14 May 2012 Collection and quality control of spectral signatures in the field
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Abstract
Field spectral signatures are commonly collected in conjunction with remote sensing campaigns. Unfortunately, the lack of sufficient metadata associated with campaign-specific spectral signatures often makes it difficult for others to utilize them for their own applications. The first step in improving the utility of field collected spectral signatures is achieved by establishing fully documented procedures that minimize controllable error sources. A major source of error when collecting field spectral signatures is the variability of solar illumination. By periodically monitoring a static reference panel it is possible to both characterize the variance in solar illumination during collection as well as to correct collected spectra. In addition, recent advances in instrument sensitivity greatly reduce the time required to collect high quality spectra that in turn reduces the magnitude of potential errors associated with changes in solar illumination. Since libraries of field spectral signatures are commonly used to analyze remotely sensed imagery, it is important that field collection is performed at a relevant spatial scale and with illumination and view geometry that is similar to that for the image collection. This is particularly true of vegetation since the observed spectral signature is the result of the complex interaction of multiple illumination sources (i.e. direct sunlight, sky illumination and light scattered off other elements in the scene), canopy architecture and the reflectance properties of the individual elements within the canopy. Suggested field collection approaches that minimize these sources of error are presented.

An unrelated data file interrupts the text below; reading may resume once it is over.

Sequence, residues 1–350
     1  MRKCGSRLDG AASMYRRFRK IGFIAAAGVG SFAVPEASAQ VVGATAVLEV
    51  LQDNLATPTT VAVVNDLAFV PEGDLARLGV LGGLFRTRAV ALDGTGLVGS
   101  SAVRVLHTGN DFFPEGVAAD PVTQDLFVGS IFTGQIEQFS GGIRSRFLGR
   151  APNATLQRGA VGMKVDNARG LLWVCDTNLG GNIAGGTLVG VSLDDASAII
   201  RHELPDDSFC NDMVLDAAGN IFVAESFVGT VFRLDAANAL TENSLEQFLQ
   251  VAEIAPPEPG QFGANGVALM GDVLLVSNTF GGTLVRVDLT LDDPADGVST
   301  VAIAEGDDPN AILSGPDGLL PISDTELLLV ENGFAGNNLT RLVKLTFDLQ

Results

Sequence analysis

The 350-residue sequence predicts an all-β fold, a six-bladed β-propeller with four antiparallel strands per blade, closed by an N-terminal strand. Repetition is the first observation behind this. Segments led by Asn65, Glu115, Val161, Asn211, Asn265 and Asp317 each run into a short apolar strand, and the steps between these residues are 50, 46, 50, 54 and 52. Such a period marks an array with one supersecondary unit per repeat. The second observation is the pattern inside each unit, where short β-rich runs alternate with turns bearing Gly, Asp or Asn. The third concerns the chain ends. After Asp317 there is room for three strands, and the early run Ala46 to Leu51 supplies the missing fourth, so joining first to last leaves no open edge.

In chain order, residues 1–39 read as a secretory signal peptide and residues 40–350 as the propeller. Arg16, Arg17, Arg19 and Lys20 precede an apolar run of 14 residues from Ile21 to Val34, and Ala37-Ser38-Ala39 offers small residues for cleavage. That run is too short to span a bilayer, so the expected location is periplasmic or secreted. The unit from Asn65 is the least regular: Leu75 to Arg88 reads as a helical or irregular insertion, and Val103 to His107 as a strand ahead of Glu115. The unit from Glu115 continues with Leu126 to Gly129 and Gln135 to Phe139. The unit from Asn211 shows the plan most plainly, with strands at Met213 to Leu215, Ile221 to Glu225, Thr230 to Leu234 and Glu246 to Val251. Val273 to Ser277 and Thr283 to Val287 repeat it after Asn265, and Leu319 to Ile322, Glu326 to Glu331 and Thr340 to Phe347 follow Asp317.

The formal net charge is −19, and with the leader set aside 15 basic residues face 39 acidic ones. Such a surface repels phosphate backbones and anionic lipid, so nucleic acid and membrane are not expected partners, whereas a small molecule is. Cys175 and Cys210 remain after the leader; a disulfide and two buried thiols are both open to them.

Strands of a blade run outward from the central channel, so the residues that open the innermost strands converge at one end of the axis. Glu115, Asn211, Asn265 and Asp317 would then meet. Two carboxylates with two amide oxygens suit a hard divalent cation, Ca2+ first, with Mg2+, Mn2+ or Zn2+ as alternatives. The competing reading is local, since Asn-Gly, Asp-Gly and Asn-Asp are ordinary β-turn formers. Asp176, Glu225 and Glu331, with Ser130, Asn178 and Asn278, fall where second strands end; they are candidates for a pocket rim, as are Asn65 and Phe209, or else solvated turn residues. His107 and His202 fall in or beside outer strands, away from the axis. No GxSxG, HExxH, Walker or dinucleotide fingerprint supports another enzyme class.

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Brian Curtiss, Brian Curtiss, Alexander F. H. Goetz, Alexander F. H. Goetz, } "Collection and quality control of spectral signatures in the field", Proc. SPIE 8390, Algorithms and Technologies for Multispectral, Hyperspectral, and Ultraspectral Imagery XVIII, 839011 (14 May 2012); doi: 10.1117/12.919484; https://doi.org/10.1117/12.919484
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